CubaCaribe Festival of Dance and Music
Brava Theater, San Francisco
Saturday, June 23, 2018
The Movements of Migration
I was sorry to miss the events of Week One of the Festival featuring the Alayo Dance Company and their presentation of “Calle” and “Manos y Vida Cotidiana de Una Mujer Cubana.” The word was the Alayo and his dancers were a major achievement.
The second week brought a varied group of choreographers, dancers and ethnic dimensions to the Brava Stage. These included beliefs and practices from Brazil, Cuba, Ghana, Nicaragua, and multiple aspects of black migration in the US. It is a humbling and enlightening dimension of ethnic awareness to experience these dances.
There were seven unique events on the program for Weekend Two. “Supplication” danced by the Alafia Dance Ensemble illustrated the “request for help from Deities, especially Dambalah Wedo, Protective Creator, Source of life and Wisdom.” The ten dancers, in brilliant colorful costumes, using marvelous arm gestures and postures were effective and moving. Next was “Nicaragua Multiétnica: Cultura Garifunas,”with choreography and costumes by Cleopatra Morales Monteil. One of the two aspects of the performance represents the forced labor of the black in American lands; the other “Chumba” performed by Garifuna women (when their men are absent from home) express household work and sexual energy. The “espeques,” long sticks that are work tools, amplify the movement of hips, thorax, arms and head. The women danced alone and then were joined by men, amplifying the energy and the gestures. “Multiétnica” and “Chumba” provided an exciting and powerful look into this very special culture from the South Atlantic region of Nicaragua. A popular dance “Punta” concluded this section.
“Maafa” by the El Wah Movement Dance Theatre under the direction of Colette Eloi, consisted of an excerpt from the National Theater of Ghana’s, “Revealing the Story.” It tells the story of ethnic cleansing and forced migration of people from Africa.
Beautifully performed by eleven dancers, it reinforced the belief that the people would persevere and thrive. After all this and before intermission, “Fiesta Cubana” provided the “hit” event of the evening. Featuring Yisman Ramos Tellez, (choreographer and soloist) the lively event dancing illustrating Clave Cuban (the foundations of salsa) through Reggaeton to present Cuba’s newest music genre, Cubaton. A young dancer challenges Tellez with a variation of ‘hip-hop.’ The audience quickly chooses the Cuban style and all join in with the varied rhythms that is the sensational Cuban dance.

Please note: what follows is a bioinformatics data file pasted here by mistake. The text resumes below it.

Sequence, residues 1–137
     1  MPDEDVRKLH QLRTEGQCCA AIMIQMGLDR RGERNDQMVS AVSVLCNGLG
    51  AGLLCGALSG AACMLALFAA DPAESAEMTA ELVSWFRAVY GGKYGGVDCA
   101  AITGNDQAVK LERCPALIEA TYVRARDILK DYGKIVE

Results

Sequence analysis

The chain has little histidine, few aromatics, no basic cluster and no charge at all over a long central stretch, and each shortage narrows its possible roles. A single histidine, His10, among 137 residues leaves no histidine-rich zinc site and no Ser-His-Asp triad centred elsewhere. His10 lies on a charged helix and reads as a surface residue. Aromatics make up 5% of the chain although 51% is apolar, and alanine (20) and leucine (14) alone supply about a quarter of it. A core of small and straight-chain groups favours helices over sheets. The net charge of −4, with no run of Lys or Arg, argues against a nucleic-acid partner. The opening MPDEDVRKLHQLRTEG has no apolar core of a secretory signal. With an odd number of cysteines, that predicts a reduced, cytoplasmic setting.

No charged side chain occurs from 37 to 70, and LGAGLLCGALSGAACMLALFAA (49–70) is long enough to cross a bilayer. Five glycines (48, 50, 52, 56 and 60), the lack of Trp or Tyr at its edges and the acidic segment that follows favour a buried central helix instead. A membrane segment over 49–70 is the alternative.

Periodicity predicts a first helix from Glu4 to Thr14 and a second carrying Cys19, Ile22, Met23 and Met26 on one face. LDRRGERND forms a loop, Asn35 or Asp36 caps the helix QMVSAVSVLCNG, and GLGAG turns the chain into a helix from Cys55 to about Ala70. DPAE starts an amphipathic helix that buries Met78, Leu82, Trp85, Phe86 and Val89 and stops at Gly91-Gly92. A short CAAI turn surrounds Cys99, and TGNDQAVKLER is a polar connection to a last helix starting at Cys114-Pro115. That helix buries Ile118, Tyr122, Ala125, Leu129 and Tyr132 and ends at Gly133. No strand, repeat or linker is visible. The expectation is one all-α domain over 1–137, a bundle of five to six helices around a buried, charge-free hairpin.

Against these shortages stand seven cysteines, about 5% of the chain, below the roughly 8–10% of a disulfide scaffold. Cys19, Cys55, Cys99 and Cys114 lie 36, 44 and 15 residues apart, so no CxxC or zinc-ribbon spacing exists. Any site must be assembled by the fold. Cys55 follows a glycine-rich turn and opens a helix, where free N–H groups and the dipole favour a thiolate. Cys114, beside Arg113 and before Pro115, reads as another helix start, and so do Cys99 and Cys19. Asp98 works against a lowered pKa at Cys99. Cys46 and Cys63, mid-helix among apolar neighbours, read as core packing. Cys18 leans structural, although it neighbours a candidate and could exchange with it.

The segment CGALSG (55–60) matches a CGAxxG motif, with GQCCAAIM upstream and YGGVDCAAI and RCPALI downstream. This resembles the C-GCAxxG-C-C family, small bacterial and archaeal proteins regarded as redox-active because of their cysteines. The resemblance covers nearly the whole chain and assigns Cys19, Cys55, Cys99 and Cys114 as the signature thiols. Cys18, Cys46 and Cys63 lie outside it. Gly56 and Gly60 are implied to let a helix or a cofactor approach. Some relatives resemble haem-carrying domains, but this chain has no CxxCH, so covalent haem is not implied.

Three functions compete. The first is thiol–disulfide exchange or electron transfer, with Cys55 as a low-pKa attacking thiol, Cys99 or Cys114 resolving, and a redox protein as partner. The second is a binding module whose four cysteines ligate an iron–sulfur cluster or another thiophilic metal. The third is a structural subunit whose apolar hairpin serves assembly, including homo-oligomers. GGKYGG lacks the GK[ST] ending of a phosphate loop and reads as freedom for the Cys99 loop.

The program continued with “Our Roots, “ a song-story-dance from Candomblé, which is “an African-American religion tradition” practiced mostly in Brazil and in other South American countries. The work involved a family song; both children and adults joined in the memories. Next, Dimension Dance Theater from Oakland offered a modern dance event with African roots in, “Ain’t No Turning Back,” choreography by Andrea Vonny Lee. The voices and words of Harriet Tubman and Frederick Douglas supported this proclamation of freedom. Benjamin Ofori played traditional Ghanaian percussion to accompany the nine accomplished dancers. Then ‘Yansa” introduced the belief and illustration of “orishas,” (a word from the Yoruba language), gods who work together to help everyone. The women appear in long red skirts in acts of devotion; then the men don the skirts and there is a wild fusion of energy as famine and masculine energy unite. It was a very moving and exciting finale to a brilliant evening of dance.
For this reviewer, the special quality was the authenticity of each group’s work and the commitment evidenced by musicians, singers, choreographers, director and of course, the dancers. It was an evocation of what such festivals might be; close to the roots, carefully researched, authentic and performed by those who know and love the dance.
Joanna G. Harris